As of 1 January 2019, workers in Poland employed using more flexible, task-based ‘civil law contracts’ will be entitled to join or form trade unions and to benefit from protection previously reserved for trade union members.

Author: Robert Stępień

Firm: Raczkowski Paruch.

As of 1 January 2019, workers hired under Polish civil law contracts, a more flexible, task-based form of contract not regulated by the Labour contract (for example workers who are hired on the basis of mandate contracts and contracts for services) can join trade unions in a similar way to employees. The new law (described here) awards them numerous union rights (similar to employees). The rules on reporting the number of union members have been also changed and employers now have the right to verify the number of members reported by the union. In view of these changes in the regulation relating to trade unions, entrepreneurs are recommended to take into consideration, in particular, the following points relating to cooperation with unions.

  • Civil contractors who are union representatives have the right to paid time off for their union activity. However, using time off for union work does not affect deadlines specified in their contracts.
  • They can be protected against termination of their contracts. If a contract is terminated in breach of this protection, an entrepreneur is obliged to pay the contractor six months’ pay as compensation. However the contractor cannot make a claim for reinstatement to work.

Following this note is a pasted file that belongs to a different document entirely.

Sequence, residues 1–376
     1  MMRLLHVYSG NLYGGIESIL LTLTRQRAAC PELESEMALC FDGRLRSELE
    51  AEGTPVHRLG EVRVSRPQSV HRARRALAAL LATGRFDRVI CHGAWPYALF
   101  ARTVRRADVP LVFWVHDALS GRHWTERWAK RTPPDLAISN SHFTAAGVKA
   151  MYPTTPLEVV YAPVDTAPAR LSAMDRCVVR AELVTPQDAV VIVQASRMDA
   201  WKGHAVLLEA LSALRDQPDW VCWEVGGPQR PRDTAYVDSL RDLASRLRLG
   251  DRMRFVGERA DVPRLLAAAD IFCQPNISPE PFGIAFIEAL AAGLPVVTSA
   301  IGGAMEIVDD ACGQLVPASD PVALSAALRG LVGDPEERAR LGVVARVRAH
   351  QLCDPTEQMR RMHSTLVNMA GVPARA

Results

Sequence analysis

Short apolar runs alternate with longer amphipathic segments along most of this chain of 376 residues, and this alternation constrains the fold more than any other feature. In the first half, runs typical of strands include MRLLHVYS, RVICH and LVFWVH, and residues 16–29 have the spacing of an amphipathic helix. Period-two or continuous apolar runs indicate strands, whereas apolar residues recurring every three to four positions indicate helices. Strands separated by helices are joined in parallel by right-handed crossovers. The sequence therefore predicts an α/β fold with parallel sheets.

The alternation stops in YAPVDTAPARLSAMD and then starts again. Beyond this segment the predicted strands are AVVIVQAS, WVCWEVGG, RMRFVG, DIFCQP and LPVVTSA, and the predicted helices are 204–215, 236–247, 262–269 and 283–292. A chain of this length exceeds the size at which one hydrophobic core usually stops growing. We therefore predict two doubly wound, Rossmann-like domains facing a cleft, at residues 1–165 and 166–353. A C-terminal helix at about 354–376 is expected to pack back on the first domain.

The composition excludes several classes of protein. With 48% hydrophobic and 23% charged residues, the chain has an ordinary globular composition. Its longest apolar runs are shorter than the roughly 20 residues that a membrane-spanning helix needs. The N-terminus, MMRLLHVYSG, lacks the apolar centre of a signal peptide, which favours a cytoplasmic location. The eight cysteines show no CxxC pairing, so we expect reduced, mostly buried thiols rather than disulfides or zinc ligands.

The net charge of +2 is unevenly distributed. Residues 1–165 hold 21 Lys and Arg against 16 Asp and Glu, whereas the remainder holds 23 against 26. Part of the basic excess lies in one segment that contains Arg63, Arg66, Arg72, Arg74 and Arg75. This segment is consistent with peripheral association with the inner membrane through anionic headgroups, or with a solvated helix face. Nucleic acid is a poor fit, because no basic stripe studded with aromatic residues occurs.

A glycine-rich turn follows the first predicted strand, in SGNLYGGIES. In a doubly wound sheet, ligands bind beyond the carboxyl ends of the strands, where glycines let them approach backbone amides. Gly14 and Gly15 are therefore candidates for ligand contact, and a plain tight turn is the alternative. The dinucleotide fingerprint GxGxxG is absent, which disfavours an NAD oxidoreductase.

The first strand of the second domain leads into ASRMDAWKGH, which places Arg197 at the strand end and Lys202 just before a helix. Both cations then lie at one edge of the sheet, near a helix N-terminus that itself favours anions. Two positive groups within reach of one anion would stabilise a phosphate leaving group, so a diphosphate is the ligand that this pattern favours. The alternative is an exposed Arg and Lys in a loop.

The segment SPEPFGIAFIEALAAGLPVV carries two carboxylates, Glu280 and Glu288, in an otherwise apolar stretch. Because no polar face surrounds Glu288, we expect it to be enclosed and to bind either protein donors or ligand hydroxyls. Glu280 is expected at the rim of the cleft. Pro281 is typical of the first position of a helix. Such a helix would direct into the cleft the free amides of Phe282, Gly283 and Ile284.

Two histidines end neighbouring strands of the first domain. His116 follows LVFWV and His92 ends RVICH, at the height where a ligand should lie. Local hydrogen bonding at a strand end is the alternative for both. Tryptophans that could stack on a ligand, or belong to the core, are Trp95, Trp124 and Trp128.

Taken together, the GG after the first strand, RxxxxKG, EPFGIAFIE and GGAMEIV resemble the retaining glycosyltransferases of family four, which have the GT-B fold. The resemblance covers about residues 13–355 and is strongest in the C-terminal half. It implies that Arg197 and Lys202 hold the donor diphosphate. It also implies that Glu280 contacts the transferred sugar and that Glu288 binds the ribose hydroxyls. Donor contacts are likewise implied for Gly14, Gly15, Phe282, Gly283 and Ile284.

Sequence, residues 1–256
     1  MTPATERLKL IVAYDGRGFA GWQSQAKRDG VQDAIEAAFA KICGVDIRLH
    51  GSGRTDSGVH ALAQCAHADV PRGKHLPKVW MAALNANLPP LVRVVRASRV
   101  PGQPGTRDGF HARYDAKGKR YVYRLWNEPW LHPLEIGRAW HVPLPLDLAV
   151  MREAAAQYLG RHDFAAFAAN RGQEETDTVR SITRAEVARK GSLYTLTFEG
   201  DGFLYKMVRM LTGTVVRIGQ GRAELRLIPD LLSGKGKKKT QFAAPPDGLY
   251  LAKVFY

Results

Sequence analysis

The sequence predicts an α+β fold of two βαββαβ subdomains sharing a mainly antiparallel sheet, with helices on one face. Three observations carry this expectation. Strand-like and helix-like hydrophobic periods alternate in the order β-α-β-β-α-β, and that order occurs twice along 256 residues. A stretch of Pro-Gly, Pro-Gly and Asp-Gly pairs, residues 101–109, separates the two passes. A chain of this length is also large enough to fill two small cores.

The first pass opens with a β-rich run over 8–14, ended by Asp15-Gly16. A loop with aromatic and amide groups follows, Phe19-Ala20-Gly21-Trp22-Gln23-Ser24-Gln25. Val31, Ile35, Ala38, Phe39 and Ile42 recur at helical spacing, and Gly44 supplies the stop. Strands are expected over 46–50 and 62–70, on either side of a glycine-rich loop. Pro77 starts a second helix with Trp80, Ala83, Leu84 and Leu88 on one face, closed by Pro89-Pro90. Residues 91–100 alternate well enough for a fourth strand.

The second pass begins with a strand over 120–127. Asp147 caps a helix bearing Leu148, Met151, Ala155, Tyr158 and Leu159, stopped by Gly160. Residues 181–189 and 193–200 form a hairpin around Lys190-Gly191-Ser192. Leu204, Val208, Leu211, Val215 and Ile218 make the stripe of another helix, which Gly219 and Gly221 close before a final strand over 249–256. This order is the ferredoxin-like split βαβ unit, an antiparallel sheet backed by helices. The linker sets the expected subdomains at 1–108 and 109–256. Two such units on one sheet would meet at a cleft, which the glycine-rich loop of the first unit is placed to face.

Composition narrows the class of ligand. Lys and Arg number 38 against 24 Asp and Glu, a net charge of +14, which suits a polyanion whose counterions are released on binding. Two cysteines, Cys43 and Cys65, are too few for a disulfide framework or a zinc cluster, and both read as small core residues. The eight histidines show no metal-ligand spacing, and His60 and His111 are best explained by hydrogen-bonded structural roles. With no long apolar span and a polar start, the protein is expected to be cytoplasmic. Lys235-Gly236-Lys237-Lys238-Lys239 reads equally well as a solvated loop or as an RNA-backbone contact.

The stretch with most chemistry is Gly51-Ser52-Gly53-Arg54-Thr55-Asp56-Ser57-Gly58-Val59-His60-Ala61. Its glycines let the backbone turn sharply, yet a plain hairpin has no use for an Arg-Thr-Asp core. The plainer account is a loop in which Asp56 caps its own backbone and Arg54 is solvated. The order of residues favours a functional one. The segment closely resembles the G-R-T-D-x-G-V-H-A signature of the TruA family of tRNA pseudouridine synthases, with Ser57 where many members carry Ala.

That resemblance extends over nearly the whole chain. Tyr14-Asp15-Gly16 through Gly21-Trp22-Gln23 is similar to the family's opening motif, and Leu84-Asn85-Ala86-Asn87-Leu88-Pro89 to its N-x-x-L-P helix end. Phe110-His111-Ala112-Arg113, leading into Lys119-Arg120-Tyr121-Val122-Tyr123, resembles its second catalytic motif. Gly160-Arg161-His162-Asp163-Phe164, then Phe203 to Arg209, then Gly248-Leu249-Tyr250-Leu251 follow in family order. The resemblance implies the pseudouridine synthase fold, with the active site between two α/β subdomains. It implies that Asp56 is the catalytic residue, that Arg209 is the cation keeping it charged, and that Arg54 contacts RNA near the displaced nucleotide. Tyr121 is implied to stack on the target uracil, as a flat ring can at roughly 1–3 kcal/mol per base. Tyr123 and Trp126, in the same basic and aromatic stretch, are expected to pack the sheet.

• There are some changes regarding the criteria for representation in unions in the process of employment-related collective bargaining. In addition to the general criteria for representativeness (having 8% or 15% of all workers hired by a given entrepreneur, including civil contractors), it is necessary for at least 5% of employees (that is, workers in an employment relationship, not under a civil contract) to be employed by a given entrepreneur.
  • The list of information that can be requested by unions from an employer has now been specified by law.
  • Unions are now obliged to report their number of members to the employer twice a year (previously the requirement was to report quarterly). The number of their members means the total number of employees (workers in an employment relationship regardless of how long they have been union members) and civil contractors (assuming that they have been union members for at least six months).
  • The employer has the right to challenge the number of members reported by the union. When this happens, it must be verified by a court.